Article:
The rise of renewable sources of energy and their gallant victories over fossil fuels — particularly coal — is now legendary.
Last year, India added 11,788 MW of renewable energy capacity, twice as much as coal and hydro put together (5,400 MW). An estimate has it that 65 per cent of coal-derived electricity in India is sold at prices higher than new wind and solar.
Globally, countries have been adding more renewable energy capacity than conventional since 2012, and in 2017 alone, a record 167 GW of renewable was added. While these data ‘feel good’, renewables have failed to hit where it matters the most — emissions.
The International Energy Agency (IEA) measures energy-related carbon dioxide emissions and captures it in its Energy Sector Carbon Intensity Index (ESCII). In a recent article, IEA’s Energy and Climate Change policy analyst Caroline Lee says that in the past three years, “the ESCII has barely changed, indicating the energy supply has not become any cleaner on average over time.”
The index actually increased in 2017 a year, which saw energy-related CO2 emissions rise 1.4 per cent after remaining flat for three years, reaching 32.5 Gt. Global energy demand rose 2.1 per cent in the year and fossil fuels met over 70 per cent of the growth. Lee says that the fact that this rise is moderate compared with what it used to be years back does not help much, because of the urgency to keep global warming under check. Energy intensity, or primary energy demand per unit of gross domestic product, slowed to 1.7 per cent, compared with 2.3 per cent over the previous three years and only half the annual improvement rate consistent with the need to limit global warming to 2 degrees.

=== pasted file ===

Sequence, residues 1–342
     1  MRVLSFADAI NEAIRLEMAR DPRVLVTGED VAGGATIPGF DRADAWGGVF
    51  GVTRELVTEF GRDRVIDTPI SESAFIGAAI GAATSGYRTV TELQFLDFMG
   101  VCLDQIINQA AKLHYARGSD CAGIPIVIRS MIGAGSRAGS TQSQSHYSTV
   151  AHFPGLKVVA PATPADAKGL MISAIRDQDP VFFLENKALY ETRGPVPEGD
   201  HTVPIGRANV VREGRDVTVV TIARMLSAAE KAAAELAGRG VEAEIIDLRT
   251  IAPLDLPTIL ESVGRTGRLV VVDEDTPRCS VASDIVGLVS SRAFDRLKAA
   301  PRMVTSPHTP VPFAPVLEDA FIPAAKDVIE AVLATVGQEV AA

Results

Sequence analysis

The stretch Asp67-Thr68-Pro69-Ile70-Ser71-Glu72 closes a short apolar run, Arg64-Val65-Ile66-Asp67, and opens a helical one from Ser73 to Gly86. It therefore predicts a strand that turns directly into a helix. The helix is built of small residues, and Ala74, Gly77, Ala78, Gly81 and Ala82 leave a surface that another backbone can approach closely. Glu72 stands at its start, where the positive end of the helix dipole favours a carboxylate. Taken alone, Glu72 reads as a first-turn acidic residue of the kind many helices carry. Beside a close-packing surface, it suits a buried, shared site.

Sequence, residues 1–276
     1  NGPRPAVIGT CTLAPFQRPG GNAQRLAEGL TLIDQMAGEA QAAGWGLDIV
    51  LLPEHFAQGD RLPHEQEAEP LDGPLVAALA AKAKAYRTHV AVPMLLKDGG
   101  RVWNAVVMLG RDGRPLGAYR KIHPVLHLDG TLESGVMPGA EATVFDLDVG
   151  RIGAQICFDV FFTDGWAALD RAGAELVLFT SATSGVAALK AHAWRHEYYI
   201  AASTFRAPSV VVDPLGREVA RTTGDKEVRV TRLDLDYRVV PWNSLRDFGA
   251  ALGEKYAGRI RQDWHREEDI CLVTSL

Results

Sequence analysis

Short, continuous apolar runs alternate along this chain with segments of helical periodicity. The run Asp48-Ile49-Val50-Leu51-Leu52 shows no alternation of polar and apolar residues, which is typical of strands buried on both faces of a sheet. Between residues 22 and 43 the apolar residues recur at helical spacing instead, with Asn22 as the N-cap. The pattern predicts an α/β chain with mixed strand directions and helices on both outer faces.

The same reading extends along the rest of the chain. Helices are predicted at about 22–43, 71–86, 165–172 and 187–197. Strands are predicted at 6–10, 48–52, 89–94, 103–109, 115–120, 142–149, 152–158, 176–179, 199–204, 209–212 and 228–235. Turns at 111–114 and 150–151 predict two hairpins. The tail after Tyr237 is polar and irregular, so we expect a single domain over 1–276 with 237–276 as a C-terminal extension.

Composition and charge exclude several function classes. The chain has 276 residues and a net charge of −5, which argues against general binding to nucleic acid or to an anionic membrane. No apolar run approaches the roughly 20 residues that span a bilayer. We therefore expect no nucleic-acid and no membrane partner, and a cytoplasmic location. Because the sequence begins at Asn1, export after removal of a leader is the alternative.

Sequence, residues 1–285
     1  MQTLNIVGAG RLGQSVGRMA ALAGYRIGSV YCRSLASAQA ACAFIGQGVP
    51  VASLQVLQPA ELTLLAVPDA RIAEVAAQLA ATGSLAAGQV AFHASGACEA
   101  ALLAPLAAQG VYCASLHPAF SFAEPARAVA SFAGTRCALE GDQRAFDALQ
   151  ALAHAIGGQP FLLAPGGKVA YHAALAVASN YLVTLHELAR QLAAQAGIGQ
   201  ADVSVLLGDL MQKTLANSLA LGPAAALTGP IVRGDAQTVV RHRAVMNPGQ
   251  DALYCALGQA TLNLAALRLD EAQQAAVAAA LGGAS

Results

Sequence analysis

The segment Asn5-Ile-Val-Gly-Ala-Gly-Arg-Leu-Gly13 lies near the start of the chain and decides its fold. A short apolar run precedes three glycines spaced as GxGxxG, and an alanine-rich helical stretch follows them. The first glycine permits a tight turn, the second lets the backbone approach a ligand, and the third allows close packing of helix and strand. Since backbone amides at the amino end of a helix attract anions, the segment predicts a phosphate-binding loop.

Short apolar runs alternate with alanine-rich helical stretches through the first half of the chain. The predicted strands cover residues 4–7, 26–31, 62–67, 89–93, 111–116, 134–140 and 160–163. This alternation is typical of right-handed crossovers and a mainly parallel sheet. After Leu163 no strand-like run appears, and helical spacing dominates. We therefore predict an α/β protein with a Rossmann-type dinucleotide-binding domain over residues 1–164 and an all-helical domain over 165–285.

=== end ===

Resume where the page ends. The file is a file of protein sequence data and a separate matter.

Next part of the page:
“While significant progress has been made in deploying renewables, particularly wind and solar, the deployment of low carbon-energy has not kept up with energy demand growth,” says Lee.
The rise in energy-related emissions only shows that the increase in renewable energy capacity additions is not good enough. Clean energy met 10 per cent of global energy demand in 2015. “However, to achieve a truly sustainable energy system, this share needs to more than double to 21 per cent by 2030. But, while wind and solar deployment has accelerated, this goal is still out of reach under current policies,” says a recent IEA press release. IEA’s report on Global Energy Demand, 2017, shows that China and India together accounted for 40 per cent of the world’s incremental demand for energy. The two were responsible for 70 per cent of the additional demand for electricity. However, India contributed less to the rise in emissions — per-person energy-related emissions was 1.7 tCO2, “well below the global per capita average of 4.3 tCO2.”